Each band has a unique feel, something different to bring to the table, and personalities you can’t help but love instantly.
The larger than life characters which are Tankus the Henge cavorted around the dressing room in a trolley, deciding that this would be the best way to conduct an interview. Once they’d seen this wouldn’t really work out, Will Stanley announced “We’re going to interview you.”
“Where are you from?” asks bizarro front man Jaz Delorean. “What’s your full name? Where do you live?” After prying into some personal details, it transpires that the band has some Mancunian connections; Jazz attended University of Salford, and Tim Fulker was born in Stockport. also form The band is based in London, also consisting of Dan Mason, Jake Stoddart, and Louis Shultz-Wiremu and the current formation came together two years previous. Jaz talked about the last time the band had come through Manchester (with a slightly different line up), “I remember buying quite a lot of the contents of a second hand china shop and smashing it all up in the Roadhouse, with hammers. On stage. They weren’t happy at all.”
All of the bands performed on the Emerging Icons Olympic stage this summer. Jaz reminisced, “My favourite bit, and this is genuine, is when we were playing a gig in the Olympic Park to one person, and Mo Farah won, and we heard the roar. It sounded like the crowd cheering for us.”
Tankus the Henge could best be described musically as a mash of gypsy carnival jazz rock. Trumpet, trombone, accordion, and plenty of sass. Ringmaster Jazz used to fix fairground organs before creating the band. Raspy vocals and circus antics on stage made for a great performance which everyone could get behind, and leave you wanting more from their headline tour in the new year.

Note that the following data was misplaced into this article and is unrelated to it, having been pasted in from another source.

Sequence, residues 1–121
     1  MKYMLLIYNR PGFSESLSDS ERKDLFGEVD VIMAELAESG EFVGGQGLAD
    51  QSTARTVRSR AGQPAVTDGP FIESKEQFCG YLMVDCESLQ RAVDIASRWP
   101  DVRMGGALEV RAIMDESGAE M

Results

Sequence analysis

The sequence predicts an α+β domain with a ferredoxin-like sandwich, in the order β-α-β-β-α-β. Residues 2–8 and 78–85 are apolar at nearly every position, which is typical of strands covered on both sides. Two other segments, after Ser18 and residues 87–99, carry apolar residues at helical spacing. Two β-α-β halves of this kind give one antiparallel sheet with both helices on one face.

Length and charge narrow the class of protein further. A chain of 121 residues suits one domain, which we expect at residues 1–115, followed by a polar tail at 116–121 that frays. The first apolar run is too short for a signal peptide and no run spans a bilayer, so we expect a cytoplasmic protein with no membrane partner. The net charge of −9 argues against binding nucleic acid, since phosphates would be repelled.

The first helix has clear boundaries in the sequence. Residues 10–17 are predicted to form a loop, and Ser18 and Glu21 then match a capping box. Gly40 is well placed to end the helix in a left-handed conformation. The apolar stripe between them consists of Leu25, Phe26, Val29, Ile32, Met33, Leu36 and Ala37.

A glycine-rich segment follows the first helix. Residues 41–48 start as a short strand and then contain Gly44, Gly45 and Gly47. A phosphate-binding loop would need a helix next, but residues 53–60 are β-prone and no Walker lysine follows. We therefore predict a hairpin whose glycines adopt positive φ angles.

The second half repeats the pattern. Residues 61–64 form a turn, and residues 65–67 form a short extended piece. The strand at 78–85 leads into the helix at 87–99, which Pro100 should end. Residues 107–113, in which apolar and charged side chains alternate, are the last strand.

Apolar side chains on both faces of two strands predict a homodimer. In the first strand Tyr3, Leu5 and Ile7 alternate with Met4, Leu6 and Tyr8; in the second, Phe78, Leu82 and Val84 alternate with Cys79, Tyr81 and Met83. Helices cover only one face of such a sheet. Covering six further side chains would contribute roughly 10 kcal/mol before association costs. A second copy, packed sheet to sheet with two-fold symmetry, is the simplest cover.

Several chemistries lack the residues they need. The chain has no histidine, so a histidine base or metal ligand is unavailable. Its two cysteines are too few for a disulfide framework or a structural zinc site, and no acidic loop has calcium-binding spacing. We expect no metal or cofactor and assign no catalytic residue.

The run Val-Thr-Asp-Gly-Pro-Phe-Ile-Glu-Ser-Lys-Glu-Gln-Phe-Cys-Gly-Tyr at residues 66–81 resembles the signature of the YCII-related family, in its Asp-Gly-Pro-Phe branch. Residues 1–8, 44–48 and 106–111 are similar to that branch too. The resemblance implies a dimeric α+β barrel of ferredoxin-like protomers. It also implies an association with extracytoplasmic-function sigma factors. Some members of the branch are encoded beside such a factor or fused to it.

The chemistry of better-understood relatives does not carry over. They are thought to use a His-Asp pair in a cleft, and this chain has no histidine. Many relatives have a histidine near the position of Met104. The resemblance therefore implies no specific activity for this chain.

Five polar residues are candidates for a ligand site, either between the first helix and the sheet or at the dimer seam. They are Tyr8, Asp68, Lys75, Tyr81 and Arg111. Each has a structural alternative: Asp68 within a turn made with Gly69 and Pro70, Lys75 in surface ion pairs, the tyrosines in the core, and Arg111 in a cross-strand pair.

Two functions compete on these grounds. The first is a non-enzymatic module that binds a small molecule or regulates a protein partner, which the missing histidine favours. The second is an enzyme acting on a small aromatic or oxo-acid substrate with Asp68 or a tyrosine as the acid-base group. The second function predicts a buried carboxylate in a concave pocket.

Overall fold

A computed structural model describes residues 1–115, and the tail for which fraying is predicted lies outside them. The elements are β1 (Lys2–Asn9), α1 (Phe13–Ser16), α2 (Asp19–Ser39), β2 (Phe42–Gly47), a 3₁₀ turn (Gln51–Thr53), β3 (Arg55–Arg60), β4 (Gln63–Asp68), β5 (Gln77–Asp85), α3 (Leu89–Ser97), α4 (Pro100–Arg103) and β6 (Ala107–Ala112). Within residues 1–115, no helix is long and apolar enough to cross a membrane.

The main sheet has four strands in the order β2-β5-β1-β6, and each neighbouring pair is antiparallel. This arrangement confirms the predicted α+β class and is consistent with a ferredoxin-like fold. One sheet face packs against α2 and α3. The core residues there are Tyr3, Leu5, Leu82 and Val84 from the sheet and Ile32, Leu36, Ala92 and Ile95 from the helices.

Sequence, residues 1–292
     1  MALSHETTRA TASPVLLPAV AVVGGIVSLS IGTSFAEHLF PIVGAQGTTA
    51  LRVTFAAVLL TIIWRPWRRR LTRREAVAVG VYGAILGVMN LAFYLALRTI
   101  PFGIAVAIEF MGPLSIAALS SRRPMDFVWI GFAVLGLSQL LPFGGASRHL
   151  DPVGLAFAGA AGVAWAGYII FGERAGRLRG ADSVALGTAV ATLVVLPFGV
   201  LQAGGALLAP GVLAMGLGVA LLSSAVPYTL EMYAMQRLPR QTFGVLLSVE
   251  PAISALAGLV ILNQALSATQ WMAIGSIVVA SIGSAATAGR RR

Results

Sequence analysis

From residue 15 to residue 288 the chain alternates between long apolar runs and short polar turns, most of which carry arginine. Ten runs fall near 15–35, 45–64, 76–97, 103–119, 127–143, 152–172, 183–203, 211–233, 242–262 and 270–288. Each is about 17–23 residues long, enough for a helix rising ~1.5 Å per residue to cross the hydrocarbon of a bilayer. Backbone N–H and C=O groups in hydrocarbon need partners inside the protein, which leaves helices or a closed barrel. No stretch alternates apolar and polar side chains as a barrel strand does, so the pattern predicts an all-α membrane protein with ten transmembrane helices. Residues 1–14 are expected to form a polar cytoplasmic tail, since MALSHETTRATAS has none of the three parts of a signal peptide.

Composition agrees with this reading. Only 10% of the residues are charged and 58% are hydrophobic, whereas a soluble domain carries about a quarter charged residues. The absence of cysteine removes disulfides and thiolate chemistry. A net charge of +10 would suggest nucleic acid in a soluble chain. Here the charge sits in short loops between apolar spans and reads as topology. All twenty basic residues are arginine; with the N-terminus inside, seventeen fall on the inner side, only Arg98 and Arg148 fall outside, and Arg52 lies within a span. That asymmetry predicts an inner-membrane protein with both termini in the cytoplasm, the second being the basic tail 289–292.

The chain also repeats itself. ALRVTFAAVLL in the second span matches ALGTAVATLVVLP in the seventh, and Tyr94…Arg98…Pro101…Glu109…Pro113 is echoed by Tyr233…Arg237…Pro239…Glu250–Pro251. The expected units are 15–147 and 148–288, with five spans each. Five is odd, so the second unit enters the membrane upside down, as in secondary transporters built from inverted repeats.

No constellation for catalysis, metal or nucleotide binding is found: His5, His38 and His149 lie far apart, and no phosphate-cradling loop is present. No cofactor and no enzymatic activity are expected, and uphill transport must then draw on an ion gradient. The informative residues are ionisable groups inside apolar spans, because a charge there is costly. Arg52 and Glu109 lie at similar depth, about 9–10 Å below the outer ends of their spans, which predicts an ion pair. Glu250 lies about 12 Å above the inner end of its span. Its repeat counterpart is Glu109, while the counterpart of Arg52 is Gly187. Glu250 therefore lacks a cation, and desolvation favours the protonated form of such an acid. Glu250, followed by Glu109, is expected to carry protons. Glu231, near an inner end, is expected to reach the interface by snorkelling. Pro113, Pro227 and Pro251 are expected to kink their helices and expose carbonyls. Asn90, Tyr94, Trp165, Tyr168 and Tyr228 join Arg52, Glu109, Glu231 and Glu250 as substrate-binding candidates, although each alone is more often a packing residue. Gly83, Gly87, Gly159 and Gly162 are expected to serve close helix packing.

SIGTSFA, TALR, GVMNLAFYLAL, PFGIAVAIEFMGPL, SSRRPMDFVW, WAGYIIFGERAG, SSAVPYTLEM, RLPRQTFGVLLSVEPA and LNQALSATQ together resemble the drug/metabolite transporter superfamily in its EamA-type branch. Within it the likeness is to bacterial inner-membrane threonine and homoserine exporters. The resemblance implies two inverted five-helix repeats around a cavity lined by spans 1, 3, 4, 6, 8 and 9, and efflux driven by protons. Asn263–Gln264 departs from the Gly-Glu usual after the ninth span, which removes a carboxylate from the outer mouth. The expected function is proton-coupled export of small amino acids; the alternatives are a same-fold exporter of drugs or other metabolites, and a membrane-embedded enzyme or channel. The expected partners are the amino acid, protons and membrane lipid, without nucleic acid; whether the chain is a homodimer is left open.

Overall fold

Annaca came off stage and replaced the brash boys of Tankus (who cryptically refused to explain the meaning behind their name), sat with a flower in her hair and a beaming smile. Joined by her band, Ben (drums), Harrison (guitar) and Leo (bass, keys), they explain how they met at the Brighton Institute of Modern Music, where Annaca swept them off their feet with her “breathy” soulful voice.
Annaca has been working on an album with Jim Lowe, who produced Stereophonics, and Dutch band Southern Sunrise have asked them to headline their European tour. “We’ve been told our stuff would go down well in Europe,” says Annaca. Harrison adds, “I’d love to play Paris. Tres chic.” “Harrison’s a romantic dreamer.”
“I’m a Francophile as well.”
Their current EP, featuring recently released track Delilah, is only available to buy at their gigs, which they explained was to have that more exclusive feel. “It’s all very homemade, Annaca’s mum did the artwork for it and it’s really nicely packaged like a gift.”
Fellow coastal musicians, Auction for the Promise Club, an indie rock group from Cornwall, spoke next about their new EP which will be released in February in line with another tour. “We’ve had a really good reaction from up [north].” No strangers to Manchester, Zoe, Toby and Perran have previously played at Fac251. “We ended up sleeping in the back of the van,” admits Zoe. “Got a parking ticket …” adds brother Toby.
The trio have been performing together for three years, a year of that with Emerging Icons. “Any new band should get on their website.”
“They’ve been such great help, championing new music. They’re so committed, and their enthusiasm really drives it. It really spurs you on.”
Toby revealed that they’ve been working together with surf brand Quicksilver, and are looking to record in their studios in France in the new year. Already featured on BBC 6 Music, XFM and Absolute Radio, Auction for the Promise Club are on track to make waves in the female-fronted rock scene.
As part of the Emerging Icons Live Tour, there is an open invitation for new bands and unsigned acts to register (for free) on unsignedbandreview.com and take part in a demo drop at their nearest gig.
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